Voters in seven states will complete their nomination contests on Tuesday, but we start our previews with a look at the Golden State of California.
The nation’s most populous entity is one of four states to feature a jungle primary system, meaning all of the candidates are placed on one ballot and the top two finishers irrespective of political party affiliation or vote percentage attained advance into the general election.
Gov. Gavin Newsom (D) was virtually elected to a second term when he won a landslide victory, 61.9%, in the 2021 recall campaign. After Newsom exceeded expectations in that contest, no one of statewide political prominence came forward to challenge him in the regular election. A total of 28 challengers are on Tuesday’s ballot, however, and one of them will advance into the general election with the Governor.
A similar situation exists in the Senate race as appointed incumbent Alex Padilla (D) runs for a full six-year term. Twenty-three other candidates are on the ballot, and the Senator is expected to have an easy ride on Tuesday and in the general election.
Though the Governor and Senate races are non-competitive, there is a lot of campaign action occurring within the state’s 52 congressional districts. Below is a recap of the hotspots:
California’s new 3rd Congressional District is an open seat created through redistricting. Rep. Tom McClintock (R-Elk Grove) represents a majority of this new district but he chose to seek re-election in the more Republican 5th CD. State Assemblyman Kevin Kiley (R-Granite Bay), Sacramento County Sheriff Scott Jones (R), and physician Kermit Jones (D) are the leading contenders. Two of these three will advance from the jungle primary.
Rep. McClintock has drawn opposition in the new 5th that stretches from Sacramento to Fresno. It’s possible that another Republican advances into the general with the Congressman who has a 41% constituent carryover figure from his current 4th CD to the new 5th. Fresno County Supervisor Nathan Magsig (R) is the most likely candidate to qualify for the general election. This would set-up a double Republican general election.
Rep. John Garamendi* (D-Walnut Grove) has only a carryover factor of 21% from his current 3rd District. The new 8th CD anchors closer to the Bay Area than the area the Congressman currently represents and the new constituency is 73% minority, but few credible candidates came forward. It appeared that Rep. Garamendi could be vulnerable against a strong Bay Area Democrat, but no such person emerged. The Congressman should now have an easy run for re-election.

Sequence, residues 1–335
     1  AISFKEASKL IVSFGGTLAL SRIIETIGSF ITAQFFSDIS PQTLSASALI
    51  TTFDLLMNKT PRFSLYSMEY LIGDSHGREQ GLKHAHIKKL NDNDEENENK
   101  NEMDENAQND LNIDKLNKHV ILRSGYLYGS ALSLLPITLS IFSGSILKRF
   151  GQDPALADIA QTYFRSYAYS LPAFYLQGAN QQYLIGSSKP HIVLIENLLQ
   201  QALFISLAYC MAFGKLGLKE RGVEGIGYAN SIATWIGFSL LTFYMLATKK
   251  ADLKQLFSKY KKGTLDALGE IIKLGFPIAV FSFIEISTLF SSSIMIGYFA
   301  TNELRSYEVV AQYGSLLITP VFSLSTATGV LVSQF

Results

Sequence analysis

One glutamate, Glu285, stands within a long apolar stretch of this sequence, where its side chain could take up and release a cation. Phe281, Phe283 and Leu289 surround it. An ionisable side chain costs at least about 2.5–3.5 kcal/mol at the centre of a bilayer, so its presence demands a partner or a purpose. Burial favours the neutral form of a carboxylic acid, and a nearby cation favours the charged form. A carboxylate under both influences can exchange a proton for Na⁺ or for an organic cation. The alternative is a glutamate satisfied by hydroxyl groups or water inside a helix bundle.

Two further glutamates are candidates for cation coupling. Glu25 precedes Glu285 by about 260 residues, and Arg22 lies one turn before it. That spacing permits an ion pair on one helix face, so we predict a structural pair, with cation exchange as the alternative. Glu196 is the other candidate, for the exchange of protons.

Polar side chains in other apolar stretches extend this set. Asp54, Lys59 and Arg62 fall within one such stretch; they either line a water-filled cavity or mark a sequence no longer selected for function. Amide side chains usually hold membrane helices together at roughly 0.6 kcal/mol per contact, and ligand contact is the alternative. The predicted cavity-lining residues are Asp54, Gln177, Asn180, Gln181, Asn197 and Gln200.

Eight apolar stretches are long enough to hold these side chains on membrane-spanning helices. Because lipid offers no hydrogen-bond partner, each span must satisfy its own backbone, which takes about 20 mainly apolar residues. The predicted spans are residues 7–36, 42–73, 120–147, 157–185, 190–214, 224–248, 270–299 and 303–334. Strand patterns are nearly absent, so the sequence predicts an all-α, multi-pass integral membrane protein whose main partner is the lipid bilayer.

If any northern California Democrat fared poorly under the commission redistricting plan, it was Rep. Josh Harder (D-Turlock). He was displaced from his current 10th CD and didn’t have a clear place to run. Rep. Jerry McNerney (D-Stockton) deciding to retire opened the 9th District, however, to which Rep. Harder immediately claimed. The move looks to have worked, and he is now a heavy favorite for re-election.
The open 13th District, a created seat that stretches from the south Sacramento area to northern Fresno County down State Freeway 99, could have been a competitive partisan seat, but Republican candidate recruiting missed the mark. A likely scenario is Assemblyman Adam Gray (D-Merced) and 2020 candidate Phil Arballo (D) advancing to a double Democratic general election.
Rep. Jackie Speier’s (D-Hillsborough) retirement opens the new South San Francisco area 15th CD. The most likely result Tuesday is Assemblyman Kevin Mullin (D-South San Francisco) and San Mateo County Supervisor David Canepa (D) qualifying for a double Democratic general election.
Rep. David Valadao* (R-Hanford), who already represents the most Democratic district in the nation that sends a Republican to the US House now faces an even more Democratic seat post-redistricting. It is likely that the Congressman and state Assemblyman Rudy Salas (D-Bakersfield) will advance into a highly competitive general election in the state’s new 22nd District.